Longtime course faculty member Clair Francomano, M.D., now director of adult genetics at Greater Baltimore Medical Center, says the human genetics clinic at JAX was her first exposure to a clinical setting, when she was a first-year medical student. “It was so amazing to me because I had the opportunity to see patients with rare genetic disorders, such as Marfan syndrome and achondroplasia. That exposure really started my involvement with genetic diseases and shaped the way I thought about taking care of patients.”

Planning for each year’s course is an almost year-long operation in itself. Valle and Cox have regular conference calls with their colleagues Aravinda Chakravarti, Ph.D., director of the Center for Human Genetics and Genomics at New York University’s Langone Health; Ada Hamosh, M.D., M.P.H., clinical director of the McKusick-Nathans Institute of Genomic Medicine at Johns Hopkins; and at JAX, scientific director of mammalian genetics Nadia Rosenthal, Ph.D., F.Med.Sci., and Charles Lee, Ph.D., scientific director of genomic medicine. Event Manager Erin McDevitt handles the extensive logistics of the course, including coordinating travel for dozens of visiting scientists on the faculty.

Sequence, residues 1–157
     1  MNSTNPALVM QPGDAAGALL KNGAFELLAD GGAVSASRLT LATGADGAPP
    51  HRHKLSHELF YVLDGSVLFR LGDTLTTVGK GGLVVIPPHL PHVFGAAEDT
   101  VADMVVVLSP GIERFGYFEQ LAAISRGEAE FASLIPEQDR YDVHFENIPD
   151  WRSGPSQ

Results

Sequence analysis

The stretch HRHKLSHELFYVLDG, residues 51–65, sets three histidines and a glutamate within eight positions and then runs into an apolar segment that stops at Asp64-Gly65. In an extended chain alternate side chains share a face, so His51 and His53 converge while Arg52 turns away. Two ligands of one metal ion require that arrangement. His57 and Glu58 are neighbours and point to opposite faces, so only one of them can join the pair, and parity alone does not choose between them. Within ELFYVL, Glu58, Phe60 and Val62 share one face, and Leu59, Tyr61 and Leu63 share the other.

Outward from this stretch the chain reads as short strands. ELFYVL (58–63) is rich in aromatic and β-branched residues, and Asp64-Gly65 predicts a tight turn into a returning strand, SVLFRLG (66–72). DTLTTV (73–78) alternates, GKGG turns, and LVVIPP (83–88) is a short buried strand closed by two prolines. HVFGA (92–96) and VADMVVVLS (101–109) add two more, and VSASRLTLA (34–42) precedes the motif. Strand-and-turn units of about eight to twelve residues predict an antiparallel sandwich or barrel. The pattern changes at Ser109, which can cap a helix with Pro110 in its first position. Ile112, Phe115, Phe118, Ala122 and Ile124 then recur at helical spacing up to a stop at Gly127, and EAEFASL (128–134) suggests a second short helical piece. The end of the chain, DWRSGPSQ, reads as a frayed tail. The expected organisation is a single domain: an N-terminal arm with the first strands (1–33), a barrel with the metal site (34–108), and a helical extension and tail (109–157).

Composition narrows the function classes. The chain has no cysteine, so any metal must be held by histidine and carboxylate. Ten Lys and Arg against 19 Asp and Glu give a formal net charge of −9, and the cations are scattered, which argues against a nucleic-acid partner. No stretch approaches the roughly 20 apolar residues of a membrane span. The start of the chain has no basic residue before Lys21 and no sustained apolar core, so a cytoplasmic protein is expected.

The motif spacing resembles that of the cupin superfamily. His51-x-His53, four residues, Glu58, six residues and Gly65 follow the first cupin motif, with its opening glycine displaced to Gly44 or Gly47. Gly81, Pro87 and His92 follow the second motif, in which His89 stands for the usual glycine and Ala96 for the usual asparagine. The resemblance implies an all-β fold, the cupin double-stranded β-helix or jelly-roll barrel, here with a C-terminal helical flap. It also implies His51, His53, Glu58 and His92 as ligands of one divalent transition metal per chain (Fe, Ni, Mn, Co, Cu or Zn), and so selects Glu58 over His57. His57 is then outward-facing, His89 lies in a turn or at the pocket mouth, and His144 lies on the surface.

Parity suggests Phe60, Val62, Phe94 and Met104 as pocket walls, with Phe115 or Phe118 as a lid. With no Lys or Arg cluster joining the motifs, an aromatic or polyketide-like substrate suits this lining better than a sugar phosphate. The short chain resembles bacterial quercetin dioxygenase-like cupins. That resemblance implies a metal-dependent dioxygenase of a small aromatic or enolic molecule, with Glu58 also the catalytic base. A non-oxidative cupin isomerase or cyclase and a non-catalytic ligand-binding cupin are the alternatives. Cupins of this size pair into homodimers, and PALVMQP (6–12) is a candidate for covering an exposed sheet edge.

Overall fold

The 60th Short Course schedule includes a special anniversary symposium on Saturday, July 20, featuring lectures by Nobel Laureate and director of molecular biology and genetics at Johns Hopkins University Carol Greider, Ph.D., stem cell researcher Stuart Orkin, M.D., of Harvard Medical School, and many others. JAX President and CEO Edison Liu, M.D., kicks off the celebratory symposium Friday evening July 19 with the annual C.K. Chai Memorial Lecture. 

The 2019 course program lists lectures and workshops for topics that didn’t even exist in 1960: genomics, epigenetics, single-cell RNA sequencing, quantitative systems biology, proteomics, pharmacogenomics and more. In fact, following a meeting at the nearby National Institutes of Health headquarters, the term “genomics” was coined in 1989 by JAX scientist and longtime course organizer Roderick together with McKusick and other scientists enjoying a pitcher (or two) at the now-defunct McDonald’s Raw Bar in Bethesda, Md.